Saturday, June 20, 2009

Ol' Style Blues From This Gunslinger

Eric Sardinas
Treat Me Right

Just saw Eric again last night. Been following him for the last 10 years. Great stage presence and performance. He and his group Big Motor played for 3 hours, long enought to keep this old guy up past 1 a.m. Payin' the price today but it was well worth it.

Biography by Char Ham
The term "blues-rock" brings with it a connotation of a blues artist "selling out" in order to make more money or a rock band blaring heavy riffs with a thinly veiled strain of blues. A worse offense is that many of these rock artists have little or no knowledge of the blues in its historical context or its mythological roots.
That is certainly not true in the case of Eric Sardinas. At six, his first love was Delta blues, as it "was the thrill of hearing one person playing the guitar and generating the energy of five - I loved the sheer strength and heart of a single player." Just as unusual was citing his first influences as Barbecue Bob, Charley Patton, and Bukka White, then Elmore James, Muddy Waters, and Big Bill Broonzy. He exclusively concentrates on slide guitar, employing his cherished Dobros, some that are customized to play by Edison's power. Sardinas listens to 78s, then couples these influences with modern sounds.
He moved around the country, landing in Los Angeles in 1990. Like the early blues folk, he played acoustic for a living on the street, then formed the Eric Sardinas Project (ESP) by hooking up with bassist Paul Loranger at a jam session. Loranger had the ideal sound that Sardinas wanted, a bassist who had exceptional playing ability on upright and electric and could work the upright in a blues-rock context. Two years later, drummer Scott Palacios joined them. It took ESP six years of experience of performing nearly 300 shows annually, playing from acoustic gigs in coffeehouses to sharing the bill with rock bands at Hollywood clubs. Musical-instrument companies sent them gigging at showcase concerts, which led the band to a gig as the opening act for a West Coast swing of a Johnny Winter's tour. Word got around, receiving the attention of Evidence Records. Blues discoverer Dick Shurman produced Sardinas' 1999 debut, Treat Me Right. In 2000, Sardinas released a three-song single spotlighting his burning take on J.B. Hutto's "Angel Face." Devil's Train, his second full-length album, followed in 2001 and featured more of Sardinas' trademark blues-rock.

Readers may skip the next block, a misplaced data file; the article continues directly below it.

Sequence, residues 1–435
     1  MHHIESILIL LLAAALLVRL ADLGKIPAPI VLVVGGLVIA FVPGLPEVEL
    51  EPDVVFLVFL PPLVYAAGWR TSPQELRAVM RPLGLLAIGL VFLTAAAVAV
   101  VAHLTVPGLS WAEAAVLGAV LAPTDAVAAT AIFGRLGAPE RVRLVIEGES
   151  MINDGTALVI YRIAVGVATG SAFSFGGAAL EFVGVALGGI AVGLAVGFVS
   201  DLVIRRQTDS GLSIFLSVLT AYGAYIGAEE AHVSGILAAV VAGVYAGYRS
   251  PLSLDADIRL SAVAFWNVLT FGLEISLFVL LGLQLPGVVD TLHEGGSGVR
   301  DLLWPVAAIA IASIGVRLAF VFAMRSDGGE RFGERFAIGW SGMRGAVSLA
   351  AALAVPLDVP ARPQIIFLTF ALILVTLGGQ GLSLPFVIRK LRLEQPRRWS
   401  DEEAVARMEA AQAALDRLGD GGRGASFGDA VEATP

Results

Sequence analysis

Treat Me Right
Write Me A Few Lines
Murdering Blues
Cherry Bomb
My Baby's Got Something
Give Me Love
Rollin' and Tumblin'
Low Down Love
Get Along Rider
Goin' To The River
I Can't Be Satisfied
Sweetwater Blues
Down In The Bottom
Tired Of Tryin'


barkingdog said...

Hey T,

Good one mate, more please.

But tut tut bitrate of one song at 96k, better watch out for the "Bitrate Police" mate heh heh - only joking!!

Cheers and keep 'em comin'
...The Dog!

Trustar said...

Damn! How did that little bastard get in there. I've had this file so long I did'nt even look it over again. Shame on me! We'll try to do better next time.

Good stuff though, huh! I first saw him and a little club that holds about 30 people. Blew me away. Friday night was in a local roadhouse type place called The CoachHouse. Have see many a great band play there. It holds about 350 total. We were about 5 seats from the stage.

This boy cranks!


barkingdog said...

Sure is good stuff, T.

Didn't think I'd like it actually due to not being a blues fan in general, but that won't last long if I find more of this calibre.

That's what I like most about the blogosphere - it's a voyage of discovering new music, bitrates are not really an issue with me.

Cheers...The Dog!